CaltechAUTHORS
  A Caltech Library Service

Dense molecular gas: a sensitive probe of stellar feedback models

Hopkins, Philip F. and Narayanan, Desika and Murray, Norman and Quataert, Eliot (2013) Dense molecular gas: a sensitive probe of stellar feedback models. Monthly Notices of the Royal Astronomical Society, 433 (1). pp. 69-77. ISSN 0035-8711. https://resolver.caltech.edu/CaltechAUTHORS:20200522-113948802

[img] PDF - Published Version
See Usage Policy.

645Kb
[img] PDF - Accepted Version
See Usage Policy.

460Kb

Use this Persistent URL to link to this item: https://resolver.caltech.edu/CaltechAUTHORS:20200522-113948802

Abstract

We show that the mass fraction of giant molecular cloud (GMC) gas (n ≳ 100 cm⁻³) in dense (n ≫ 10⁴ cm⁻³) star-forming clumps, observable in dense molecular tracers (L_(HCN)/L_(CO(1–0))), is a sensitive probe of the strength and mechanism(s) of stellar feedback, as well as the star formation efficiencies in the most dense gas. Using high-resolution galaxy-scale simulations with pc-scale resolution and explicit models for feedback from radiation pressure, photoionization heating, stellar winds and supernovae (SNe), we make predictions for the dense molecular gas tracers as a function of GMC and galaxy properties and the efficiency of stellar feedback/star formation. In models with weak/no feedback, much of the mass in GMCs collapses into dense subunits, predicting L_(HCN)/L_(CO(1–0)) ratios order-of-magnitude larger than observed. By contrast, models with feedback properties taken directly from stellar evolution calculations predict dense gas tracers in good agreement with observations. Changing the strength or timing of SNe tends to move systems along, rather than off, the L_(HCN)–L_(CO) relation (because SNe heat lower density material, not the high-density gas). Changing the strength of radiation pressure (which acts efficiently in the highest density gas), however, has a much stronger effect on L_(HCN) than on L_(CO). We show that degeneracies between the strength of feedback, and efficiency of star formation on small scales, can be broken by the combination of dense gas, intermediate-density gas and total star formation rate (SFR) tracers, and favour models where the galaxy-integrated star formation efficiency in dense gas is low. We also predict that the fraction of dense gas (_(LHCN)/L_(CO(1–0))) increases with increasing GMC surface density; this drives a trend in L_(HCN)/L_(CO(1–0)) with SFR and luminosity which has tentatively been observed. Our results make specific predictions for enhancements in the dense gas tracers in unusually dense environments such as ultraluminous infrared galaxies and galactic nuclei (including the galactic centre).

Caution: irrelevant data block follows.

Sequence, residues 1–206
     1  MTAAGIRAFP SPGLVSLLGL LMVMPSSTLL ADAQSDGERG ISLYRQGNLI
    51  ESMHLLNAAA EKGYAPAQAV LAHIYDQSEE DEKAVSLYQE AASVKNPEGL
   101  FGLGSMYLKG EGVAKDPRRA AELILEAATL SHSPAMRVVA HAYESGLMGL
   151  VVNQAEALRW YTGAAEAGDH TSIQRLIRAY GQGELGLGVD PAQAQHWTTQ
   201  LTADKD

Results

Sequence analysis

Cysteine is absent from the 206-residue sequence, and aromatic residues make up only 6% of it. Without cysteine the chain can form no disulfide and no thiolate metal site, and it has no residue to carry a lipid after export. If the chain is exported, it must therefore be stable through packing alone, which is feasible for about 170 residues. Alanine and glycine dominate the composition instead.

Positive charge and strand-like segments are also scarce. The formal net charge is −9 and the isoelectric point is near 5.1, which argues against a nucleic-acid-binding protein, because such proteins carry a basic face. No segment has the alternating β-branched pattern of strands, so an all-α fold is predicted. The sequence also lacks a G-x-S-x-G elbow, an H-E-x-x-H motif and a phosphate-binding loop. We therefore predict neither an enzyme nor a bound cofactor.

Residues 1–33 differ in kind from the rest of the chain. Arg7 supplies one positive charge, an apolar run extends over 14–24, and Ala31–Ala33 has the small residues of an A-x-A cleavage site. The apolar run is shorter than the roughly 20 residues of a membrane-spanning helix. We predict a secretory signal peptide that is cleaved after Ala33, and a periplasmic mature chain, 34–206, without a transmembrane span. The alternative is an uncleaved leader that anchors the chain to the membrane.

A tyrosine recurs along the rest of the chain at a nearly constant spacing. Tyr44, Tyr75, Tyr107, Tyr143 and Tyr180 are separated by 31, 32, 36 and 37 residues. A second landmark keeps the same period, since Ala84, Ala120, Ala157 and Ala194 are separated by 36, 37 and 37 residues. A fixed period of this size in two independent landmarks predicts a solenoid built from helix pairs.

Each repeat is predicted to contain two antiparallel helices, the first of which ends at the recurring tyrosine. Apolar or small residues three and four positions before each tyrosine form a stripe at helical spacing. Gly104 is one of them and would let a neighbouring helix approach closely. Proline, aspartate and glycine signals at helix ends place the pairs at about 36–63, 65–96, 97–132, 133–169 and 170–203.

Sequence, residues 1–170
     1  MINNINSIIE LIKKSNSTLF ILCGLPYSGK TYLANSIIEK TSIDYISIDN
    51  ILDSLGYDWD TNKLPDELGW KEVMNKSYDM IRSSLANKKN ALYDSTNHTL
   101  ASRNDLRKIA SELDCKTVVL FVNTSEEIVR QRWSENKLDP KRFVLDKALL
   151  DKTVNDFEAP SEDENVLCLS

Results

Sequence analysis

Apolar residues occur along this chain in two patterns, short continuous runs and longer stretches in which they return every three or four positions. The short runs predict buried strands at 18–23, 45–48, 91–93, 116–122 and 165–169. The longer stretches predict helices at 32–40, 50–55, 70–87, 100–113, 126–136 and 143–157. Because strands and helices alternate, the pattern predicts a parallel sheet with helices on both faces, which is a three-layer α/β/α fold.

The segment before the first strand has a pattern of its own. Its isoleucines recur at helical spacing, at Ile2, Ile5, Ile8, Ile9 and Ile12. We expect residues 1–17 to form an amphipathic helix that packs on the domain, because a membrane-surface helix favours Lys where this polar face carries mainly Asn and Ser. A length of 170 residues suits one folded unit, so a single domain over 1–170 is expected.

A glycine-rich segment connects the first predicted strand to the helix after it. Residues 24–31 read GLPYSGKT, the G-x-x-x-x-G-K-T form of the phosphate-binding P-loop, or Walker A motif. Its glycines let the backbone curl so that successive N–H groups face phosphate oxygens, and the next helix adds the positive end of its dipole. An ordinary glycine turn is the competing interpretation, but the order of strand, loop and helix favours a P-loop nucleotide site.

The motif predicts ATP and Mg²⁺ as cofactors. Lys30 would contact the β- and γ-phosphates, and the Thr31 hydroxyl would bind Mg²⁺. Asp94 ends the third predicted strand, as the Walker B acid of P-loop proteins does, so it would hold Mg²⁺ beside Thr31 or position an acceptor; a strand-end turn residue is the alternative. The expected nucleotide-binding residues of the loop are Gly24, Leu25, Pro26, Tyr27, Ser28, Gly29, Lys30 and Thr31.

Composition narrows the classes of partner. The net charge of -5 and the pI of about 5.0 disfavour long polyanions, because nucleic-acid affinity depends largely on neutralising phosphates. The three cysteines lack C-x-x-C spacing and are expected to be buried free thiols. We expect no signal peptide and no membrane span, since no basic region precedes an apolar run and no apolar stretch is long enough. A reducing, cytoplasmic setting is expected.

Item Type:Article
Related URLs:
URLURL TypeDescription
https://doi.org/10.1093/mnras/stt688DOIArticle
https://arxiv.org/abs/1209.0459arXivDiscussion Paper
ORCID:
AuthorORCID
Hopkins, Philip F.0000-0003-3729-1684
Narayanan, Desika0000-0002-7064-4309
Quataert, Eliot0000-0001-9185-5044
Additional Information:© 2013 The Authors Published by Oxford University Press on behalf of the Royal Astronomical Society. Accepted 2013 April 19. Received 2013 April 18; in original form 2012 August 23. We thank the anonymous referee for a number of helpful suggestions. Support for PFH was provided by NASA through Einstein Post-doctoral Fellowship Award Number PF1-120083 issued by the Chandra X-ray Observatory Center, which is operated by the Smithsonian Astrophysical Observatory for and on behalf of the NASA under contract NAS8-03060. DN acknowledges partial support from the NSF via grant AST-1009452. EQ is supported in part by NASA grant NNG06GI68G and the David and Lucile Packard Foundation.
Funders:
Funding AgencyGrant Number
NASA Einstein FellowshipPF1-120083
NASANAS8-03060
NSFAST-1009452
NASANNG06GI68G
David and Lucile Packard FoundationUNSPECIFIED
Subject Keywords:galaxies: active, galaxies: evolution, galaxies: formation, galaxies: star formation, cosmology: theory
Issue or Number:1
Record Number:CaltechAUTHORS:20200522-113948802
Persistent URL:https://resolver.caltech.edu/CaltechAUTHORS:20200522-113948802
Official Citation:Philip F. Hopkins, Desika Narayanan, Norman Murray, Eliot Quataert, Dense molecular gas: a sensitive probe of stellar feedback models, Monthly Notices of the Royal Astronomical Society, Volume 433, Issue 1, 21 July 2013, Pages 69–77, https://doi.org/10.1093/mnras/stt688
Usage Policy:No commercial reproduction, distribution, display or performance rights in this work are provided.
ID Code:103407
Collection:CaltechAUTHORS
Deposited By: George Porter
Deposited On:22 May 2020 21:53
Last Modified:22 May 2020 21:53

Repository Staff Only: item control page